Join Ajay Pangarkar for an in-depth discussion in this video Answering the five key operational concerns, part of Gaining Internal Buy-In for Elearning Training.
- Operational managers, will approach and ask you, for a training solution. Let's say you design, what you think, will be an excellent plan, that will clearly drive results. You bring your back to the operational manager, and then, they ask you a ton of questions, such as, how much is this going to cost? Or, how much time is it going to take? It might feel like they've changed their minds. This isn't the case. Operational managers must make choices, that'll maximize their limited resources.
Let's prepare to answer some common questions, they may ask. First, what's the budget for training? You need to know this number, well before developing any training solution. Too often, training practitioners, first build the initiative, quickly discovering, it exceeds the manager's budget. Then, they try to adapt their initiative, to the budget, ultimately, losing its intended impact. Next, how will you use the money? Operational managers must make the best use of available resources.
They'll want to know how training funds will help their employees achieve their objectives. After carefully assessing their needs, work with them to determine the most appropriate methods, to deliver the training, or provide various options for them to choose from. Just make sure it fits within their budget. Knowing in advance, what is financially acceptable, for operations, provides insight into building an appropriate, and effective, training solution. It also secures their support, and approval.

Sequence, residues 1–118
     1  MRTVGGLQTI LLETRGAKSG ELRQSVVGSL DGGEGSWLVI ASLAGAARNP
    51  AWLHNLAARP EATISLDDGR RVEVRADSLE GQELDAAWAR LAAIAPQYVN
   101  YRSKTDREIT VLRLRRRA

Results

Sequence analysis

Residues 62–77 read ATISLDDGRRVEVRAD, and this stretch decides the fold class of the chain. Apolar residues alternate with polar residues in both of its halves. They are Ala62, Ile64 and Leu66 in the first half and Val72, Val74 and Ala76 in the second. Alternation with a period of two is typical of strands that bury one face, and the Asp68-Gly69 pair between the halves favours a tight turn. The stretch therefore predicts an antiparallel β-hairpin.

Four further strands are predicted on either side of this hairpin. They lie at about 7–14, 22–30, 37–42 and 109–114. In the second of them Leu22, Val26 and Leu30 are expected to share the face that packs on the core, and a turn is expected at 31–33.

You need to reassure them, they made the right decision. Third, how much time will employees need for training? The demands, operational managers, and their staff, face, is exceptional. Any time an employee is not working, is downtime. When developing options to deliver training, minimize employee downtime, even if they're doing it online. The more you limit downtime, and integrate training within their environment, the greater the support, from operational managers.
Fourth, what will employees take away from training? This is the, make or break, question for training. Operational managers send employees for training, out of self-interest. Essentially, to improve operational performance. Be precise on the issues training will address, and the skills it intends to improve. Finally, answer how will the department benefit from the training. Operational managers have immediate operational needs, that align to long-term objectives.
Your training efforts should align employee performance, with the specific operational performance objectives. It'll take some time to recognize the performance relationships between them, but, trust me, it'll be worth it. This will solidify your value, in the minds of the operational leader. These are just some of the more relevant questions to prepare for. But, don't stop with these. Get out of your office, and meet with the operational leaders, before they require your support. Learn about their business, and become their business partner.
- Defining learning as a business activity
- Identifying the three primary stakeholders
- Answering questions from stakeholders
- Addressing operational concerns
- Leveraging RADAR to support elearning
- Overcoming challenges